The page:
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Chances are you can recall a time in your own life when you ¬ďwept bitterly¬Ē over something. Like Peter, what you thought could never happen to you did indeed, leaving you
ashamed . . .
confused . . .
uncomfortable . . .
frightened . . .
Maybe it was a divorce that threw off your normal equilibrium or a marriage that underwent severe stress. Perhaps it was a business failure that made your life so wretched or an important relationship in which miscommunication and hurt feelings took over. Could it have been the belief that you failed someone important, even yourself? You fell so far short of your personal expectations. Whatever it was, you couldn¬ít believe this was happening, not to you anyway.
Certainly Peter¬ís earlier words, ¬ďLord, I am ready to go with you to prison and to death¬Ē (Luke 22:33), came back to mock him. Each of us starts out in life with desires, ambitions and dreams, plus the early commitment and resolve to achieve them. But somewhere along the way, whether by our own deliberate choice or by external circumstances, these aspirations come crashing down before us, crumbling in our hands.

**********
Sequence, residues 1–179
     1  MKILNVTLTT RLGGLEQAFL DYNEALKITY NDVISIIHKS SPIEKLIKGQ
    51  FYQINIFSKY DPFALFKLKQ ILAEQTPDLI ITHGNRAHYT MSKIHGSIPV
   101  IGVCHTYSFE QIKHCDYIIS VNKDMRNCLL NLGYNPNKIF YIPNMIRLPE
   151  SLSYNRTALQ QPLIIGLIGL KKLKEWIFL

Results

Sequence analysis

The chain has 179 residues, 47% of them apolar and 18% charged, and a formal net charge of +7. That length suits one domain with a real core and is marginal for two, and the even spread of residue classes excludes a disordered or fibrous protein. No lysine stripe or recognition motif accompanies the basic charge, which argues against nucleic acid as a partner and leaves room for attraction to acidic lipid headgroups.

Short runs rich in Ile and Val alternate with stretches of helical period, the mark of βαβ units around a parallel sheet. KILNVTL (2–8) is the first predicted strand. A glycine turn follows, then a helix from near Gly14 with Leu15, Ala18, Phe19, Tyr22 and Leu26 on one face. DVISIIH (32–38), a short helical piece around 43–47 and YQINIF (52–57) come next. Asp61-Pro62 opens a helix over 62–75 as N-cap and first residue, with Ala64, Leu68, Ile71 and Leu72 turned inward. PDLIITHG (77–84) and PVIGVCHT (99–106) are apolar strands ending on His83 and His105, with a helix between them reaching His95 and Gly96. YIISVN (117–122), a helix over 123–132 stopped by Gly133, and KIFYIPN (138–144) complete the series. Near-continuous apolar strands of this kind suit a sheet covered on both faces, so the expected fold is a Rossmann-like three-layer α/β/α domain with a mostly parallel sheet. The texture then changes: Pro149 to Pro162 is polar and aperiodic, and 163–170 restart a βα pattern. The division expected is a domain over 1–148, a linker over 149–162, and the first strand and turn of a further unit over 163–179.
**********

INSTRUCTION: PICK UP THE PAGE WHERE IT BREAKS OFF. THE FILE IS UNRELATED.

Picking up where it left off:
There we sit in the ruins, replaying the various destructive scenes and moaning at the appropriate times, ¬ďIf only that didn¬ít happen!¬Ē Regret clings to our every thought as we struggle to stand with knees made weak by our own choices.
That¬ís where Peter was stuck in his thoughts. Earlier he had so triumphantly announced that Jesus was the Son of the living God. Yes, he was one of those in the ¬ďinner circle¬Ē closest to his Lord. He even miraculously walked on water. And it was to him that Christ talked about that rock upon which His Church would be built.
But he had just denied the very One he earlier declared to be the Messiah, the man he had said he would follow to the very end and even die for. So much for all his big talk. Jesus had heard with His own ears Peter¬ís strong statements of denial. How could this happen . . . to Peter?